Hach Handbook of Wastewater Organisms

Hach Handbook of Wastewater Organisms


The Hach Handbook of Wastewater Organisms explains the techniques used to enumerate and observe several wastewater organisms, while depicting them through laboratory photographs.


  • Has multiple photographs of bacteria, algae, protozoa, invertebrates, and parasites
  • All laboratory photographs are illustrated in color
  • Builds a better understanding of wastewater organisms by explaining how they are enumerated
Free Shipping on this product
Your Price
Drop ships from manufacturer

Shipping Information
Return Policy
Why Buy From Fondriest?


The Hach Handbook of Wastewater Organisms is an atlas that features colored laboratory photographs of several organisms. Some of the organisms include including bacteria, algae, protozoa, invertebrates, and parasites. The Handbook also includes techniques used to observe and name each organism.
What's Included:
  • (1) Hach Handbook of Wastewater Organisms
Image Part # Product Description Price Stock Order
Hach Handbook of Wastewater Organisms 2615800 Handbook of wastewater organisms
Drop ships from manufacturer

In The News

Guardians of the Riverbank: Planting Trees to Protect Water Quality and Wildlife

In fall of 2017, the Connecticut River Conservancy (CRC) along with their project partners improved more than 9,000 feet of riverbank by planting 5,690 native trees and shrubs to protect the Connecticut River and its tributaries. The trees now guard against erosion and pollution on seven farms in New Hampshire and Vermont, and expand the existing habitat for local wildlife. This kind of project is part of CRC's core work. In August of 2011, Hurricane Irene roared up the East Coast of the United States, leaving a tell-tale path of destruction behind. Listed as the eighth-costliest hurricane in American history, the storm also hurt the watershed of the Connecticut River.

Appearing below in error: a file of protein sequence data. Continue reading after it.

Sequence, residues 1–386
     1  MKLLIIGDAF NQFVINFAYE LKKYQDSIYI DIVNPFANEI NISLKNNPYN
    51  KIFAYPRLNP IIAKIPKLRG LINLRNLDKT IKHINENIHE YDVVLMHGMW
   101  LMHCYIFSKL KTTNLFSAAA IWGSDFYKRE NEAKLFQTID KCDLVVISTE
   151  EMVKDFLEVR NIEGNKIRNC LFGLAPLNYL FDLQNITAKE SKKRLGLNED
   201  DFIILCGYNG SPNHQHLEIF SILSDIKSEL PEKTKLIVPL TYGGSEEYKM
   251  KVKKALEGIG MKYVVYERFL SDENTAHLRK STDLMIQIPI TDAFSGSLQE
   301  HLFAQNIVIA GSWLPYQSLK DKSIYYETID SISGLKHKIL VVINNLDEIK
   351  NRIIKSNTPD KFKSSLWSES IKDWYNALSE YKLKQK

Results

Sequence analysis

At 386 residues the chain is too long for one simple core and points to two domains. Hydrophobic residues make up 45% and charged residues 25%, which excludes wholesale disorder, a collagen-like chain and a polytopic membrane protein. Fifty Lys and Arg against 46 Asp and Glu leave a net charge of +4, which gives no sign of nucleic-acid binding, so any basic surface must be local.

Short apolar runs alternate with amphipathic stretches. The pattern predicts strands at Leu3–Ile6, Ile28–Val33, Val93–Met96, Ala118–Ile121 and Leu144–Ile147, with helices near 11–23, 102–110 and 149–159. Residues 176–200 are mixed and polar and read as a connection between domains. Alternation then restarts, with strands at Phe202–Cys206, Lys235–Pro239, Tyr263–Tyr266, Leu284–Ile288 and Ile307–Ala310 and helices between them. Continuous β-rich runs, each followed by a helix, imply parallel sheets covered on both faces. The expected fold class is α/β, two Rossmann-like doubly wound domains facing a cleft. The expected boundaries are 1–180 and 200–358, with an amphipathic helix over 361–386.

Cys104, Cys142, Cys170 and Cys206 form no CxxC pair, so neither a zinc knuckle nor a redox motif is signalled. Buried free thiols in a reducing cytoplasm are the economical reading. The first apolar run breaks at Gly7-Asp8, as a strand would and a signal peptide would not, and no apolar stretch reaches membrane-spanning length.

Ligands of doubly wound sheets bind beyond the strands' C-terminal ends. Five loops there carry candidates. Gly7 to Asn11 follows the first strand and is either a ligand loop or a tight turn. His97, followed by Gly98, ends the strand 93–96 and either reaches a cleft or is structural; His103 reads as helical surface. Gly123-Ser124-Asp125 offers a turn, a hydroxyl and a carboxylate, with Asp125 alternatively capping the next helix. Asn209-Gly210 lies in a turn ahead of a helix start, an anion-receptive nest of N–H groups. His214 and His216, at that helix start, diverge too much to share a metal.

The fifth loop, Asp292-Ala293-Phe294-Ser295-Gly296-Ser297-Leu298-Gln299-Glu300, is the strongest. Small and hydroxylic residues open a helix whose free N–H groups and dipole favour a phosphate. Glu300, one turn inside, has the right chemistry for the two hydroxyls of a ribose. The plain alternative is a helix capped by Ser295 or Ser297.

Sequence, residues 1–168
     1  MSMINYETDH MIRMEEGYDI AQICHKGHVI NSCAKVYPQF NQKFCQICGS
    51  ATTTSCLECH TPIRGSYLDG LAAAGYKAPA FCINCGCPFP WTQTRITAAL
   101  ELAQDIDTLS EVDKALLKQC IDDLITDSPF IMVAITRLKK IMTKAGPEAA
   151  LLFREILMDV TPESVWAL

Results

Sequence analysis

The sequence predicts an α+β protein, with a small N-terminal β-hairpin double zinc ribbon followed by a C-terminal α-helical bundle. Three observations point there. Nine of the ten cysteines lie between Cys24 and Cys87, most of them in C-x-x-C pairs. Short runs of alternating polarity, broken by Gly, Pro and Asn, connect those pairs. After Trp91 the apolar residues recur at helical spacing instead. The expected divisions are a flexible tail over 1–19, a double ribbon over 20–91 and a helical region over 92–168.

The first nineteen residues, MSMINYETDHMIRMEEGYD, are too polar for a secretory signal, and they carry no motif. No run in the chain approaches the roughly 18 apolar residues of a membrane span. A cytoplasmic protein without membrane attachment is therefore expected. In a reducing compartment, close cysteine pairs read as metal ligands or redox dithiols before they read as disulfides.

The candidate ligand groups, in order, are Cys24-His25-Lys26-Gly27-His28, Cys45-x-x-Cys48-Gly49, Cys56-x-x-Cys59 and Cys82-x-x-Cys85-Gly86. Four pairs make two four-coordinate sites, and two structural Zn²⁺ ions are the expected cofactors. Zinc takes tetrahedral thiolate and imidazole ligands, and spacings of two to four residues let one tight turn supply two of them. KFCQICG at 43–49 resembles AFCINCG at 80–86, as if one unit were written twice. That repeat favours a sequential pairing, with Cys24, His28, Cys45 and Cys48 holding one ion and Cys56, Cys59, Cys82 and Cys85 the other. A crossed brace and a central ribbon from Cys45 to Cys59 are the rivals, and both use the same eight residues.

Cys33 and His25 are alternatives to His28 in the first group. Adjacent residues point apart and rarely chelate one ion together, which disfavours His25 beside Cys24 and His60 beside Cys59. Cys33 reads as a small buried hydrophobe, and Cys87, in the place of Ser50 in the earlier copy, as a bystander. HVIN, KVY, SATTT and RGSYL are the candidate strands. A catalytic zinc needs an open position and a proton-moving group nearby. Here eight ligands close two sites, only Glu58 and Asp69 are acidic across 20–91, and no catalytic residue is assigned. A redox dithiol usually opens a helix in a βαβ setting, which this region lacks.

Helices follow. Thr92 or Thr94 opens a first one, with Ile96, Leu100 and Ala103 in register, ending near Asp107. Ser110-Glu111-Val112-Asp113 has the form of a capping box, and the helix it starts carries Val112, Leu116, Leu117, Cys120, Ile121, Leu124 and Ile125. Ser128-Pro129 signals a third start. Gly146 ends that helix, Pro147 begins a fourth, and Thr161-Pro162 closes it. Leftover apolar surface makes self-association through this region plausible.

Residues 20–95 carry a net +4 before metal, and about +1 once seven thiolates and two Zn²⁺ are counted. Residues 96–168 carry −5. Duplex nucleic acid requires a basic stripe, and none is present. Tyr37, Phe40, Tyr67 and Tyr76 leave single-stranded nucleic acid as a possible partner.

Read More

University of Toronto Doctoral Student Sees Environmental Monitoring Future in Internet of Things

Researchers face many difficulties. Assessing the ecological health of large geographic regions, especially those with a low population and few research facilities, is one of the many challenges scientists face. One such region is the Ottawa River in Canada, nearly 800 miles long with an overall drainage area of 55,000 square miles. Not only is it vast, but there are few human inhabitants and few research outposts. While gathering representative water samples in such a region is difficult enough, there is also the challenge of responding in a timely manner when problems arise.

Read More

Minnesota Water Quality Certification Program Encourages Sustainable Farming Practices

According to the Environmental Protection Agency (EPA) , agriculture is the leading probable source of impairments to assessed streams and rivers in the United States, and the third probable source to lakes. Agricultural impairments, typically considered nonpoint source pollution, include irrigation and stormwater runoff that carries animal waste, bacteria, fertilizer, naturally occurring metals, nutrients, pesticides, excess salt, and sediment. Unfortunately, this has at times positioned farmers—a group which has the most to gain from water quality initiatives—at odds with environmental agencies and scientists.

Read More